And look, if you’re in the mood of exploring new software, you should stop reading now and see if any of the above is a good fit for you. I know the urge to try something new and shiny. Especially in productivity software, I can seldom resist. I have used about 4 different TODO apps and over 5 different text editors in the past 10 years alone. So, go ahead and indulge yourself if you need to.

But this article is not about any of these direct descendants of memex. The memex of today is way more pedestrian.

Here’s the thing. If I’m being honest, most of my experiments with the different memex descendants mentioned above just kind of faded after a few weeks or months. And the reason is not just habit. If they were such a huge boon to my productivity, I’d change my habit the same way I changed it for better IDEs, better social media consumption strategies, or better terminal defaults.

No, the reason those shiny new apps don’t stick is interoperability.


Interoperability is more important than features. A piece of software that works with your existing files, and which people around you can use, will generally win over some new way of doing things that you first need to migrate to, and then also ask others around you to migrate to as well.

The clean slate and the excitement that a new piece of technology gives you is tempting. But no matter how cool a piece of software is, if you can’t work with others, then you’re paying too much for the thrill.

Imagine that you and I are working in the same company. I tell you there’s a new project for us two to work on. I explain it to you and you get reasonably excited. And then I tell you that I’ve started a new “bloorp” in BloorpyBase, a piece of software from 2012 that almost nobody uses. You grudgingly install BloorpyBase. The app doesn’t use the same keyboard shortcuts you’re used to. The shortcut normally assigned to adding a comment instead minimizes all windows. Sigh. You try to link some exploratory source code to it, but BloorpyBase only works with Mercurial. Sigh. You read some of my initial thoughts and try to respond but you don’t know what’s the best way to do it. Should you create another bloorp? Should you make a suggestion, or an edit? You spend half an hour reading a “How To Bloorp” guide on the internet but come back empty handed. Sigh.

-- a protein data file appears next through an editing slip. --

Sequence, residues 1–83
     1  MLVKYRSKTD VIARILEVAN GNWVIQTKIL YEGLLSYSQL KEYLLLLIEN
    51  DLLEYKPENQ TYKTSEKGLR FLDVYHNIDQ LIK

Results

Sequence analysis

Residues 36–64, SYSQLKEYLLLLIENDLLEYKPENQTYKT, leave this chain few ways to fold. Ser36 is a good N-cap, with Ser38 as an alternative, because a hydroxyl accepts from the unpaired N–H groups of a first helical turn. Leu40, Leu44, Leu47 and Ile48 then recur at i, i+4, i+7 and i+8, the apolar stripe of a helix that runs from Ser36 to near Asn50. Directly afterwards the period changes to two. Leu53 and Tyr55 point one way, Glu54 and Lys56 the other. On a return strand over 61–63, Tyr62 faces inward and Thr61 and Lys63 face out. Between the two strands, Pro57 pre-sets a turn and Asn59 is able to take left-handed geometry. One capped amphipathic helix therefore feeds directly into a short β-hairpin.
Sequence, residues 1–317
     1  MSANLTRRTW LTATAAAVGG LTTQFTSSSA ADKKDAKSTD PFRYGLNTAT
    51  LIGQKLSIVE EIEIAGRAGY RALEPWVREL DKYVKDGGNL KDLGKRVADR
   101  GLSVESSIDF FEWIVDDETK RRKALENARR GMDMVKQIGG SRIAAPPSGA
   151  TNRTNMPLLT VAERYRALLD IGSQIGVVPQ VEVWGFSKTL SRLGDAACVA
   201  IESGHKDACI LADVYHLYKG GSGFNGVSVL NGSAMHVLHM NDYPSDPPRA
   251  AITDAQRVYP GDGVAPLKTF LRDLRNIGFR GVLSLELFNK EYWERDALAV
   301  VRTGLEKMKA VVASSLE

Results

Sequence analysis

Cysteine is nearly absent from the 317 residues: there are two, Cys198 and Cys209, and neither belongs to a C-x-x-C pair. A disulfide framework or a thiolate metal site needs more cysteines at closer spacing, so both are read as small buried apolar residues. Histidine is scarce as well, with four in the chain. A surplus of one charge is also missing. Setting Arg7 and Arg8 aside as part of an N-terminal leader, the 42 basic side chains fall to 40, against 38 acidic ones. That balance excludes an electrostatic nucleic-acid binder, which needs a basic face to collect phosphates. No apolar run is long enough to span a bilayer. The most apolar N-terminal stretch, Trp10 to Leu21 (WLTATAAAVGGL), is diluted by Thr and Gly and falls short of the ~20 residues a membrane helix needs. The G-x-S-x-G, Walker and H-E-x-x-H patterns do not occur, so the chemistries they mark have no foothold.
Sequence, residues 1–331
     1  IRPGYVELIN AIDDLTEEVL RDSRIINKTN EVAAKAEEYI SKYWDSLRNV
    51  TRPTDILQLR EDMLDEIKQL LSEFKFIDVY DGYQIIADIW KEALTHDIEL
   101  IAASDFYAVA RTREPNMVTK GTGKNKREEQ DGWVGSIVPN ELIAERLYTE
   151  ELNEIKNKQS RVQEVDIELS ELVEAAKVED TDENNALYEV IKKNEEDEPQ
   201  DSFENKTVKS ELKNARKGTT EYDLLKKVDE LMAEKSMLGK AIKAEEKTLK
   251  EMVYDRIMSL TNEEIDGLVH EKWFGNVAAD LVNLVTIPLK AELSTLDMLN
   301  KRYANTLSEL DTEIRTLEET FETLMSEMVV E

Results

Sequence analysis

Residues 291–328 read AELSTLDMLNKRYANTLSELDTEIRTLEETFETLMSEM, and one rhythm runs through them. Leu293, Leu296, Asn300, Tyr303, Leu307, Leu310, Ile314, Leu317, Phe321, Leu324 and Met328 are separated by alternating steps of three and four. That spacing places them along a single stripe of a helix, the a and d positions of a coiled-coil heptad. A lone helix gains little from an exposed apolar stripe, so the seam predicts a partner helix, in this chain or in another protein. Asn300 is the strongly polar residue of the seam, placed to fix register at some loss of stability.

Unless BloorpyBase gives the average person a significant productivity boost, it’s not happening.

Back to basics

Alright, so what is it that we really want from memex? It must be easy to:

And when I say these things must be easy, I mean they must be easy for the average person. Not just for you and me and a couple of other nerds. For everyone.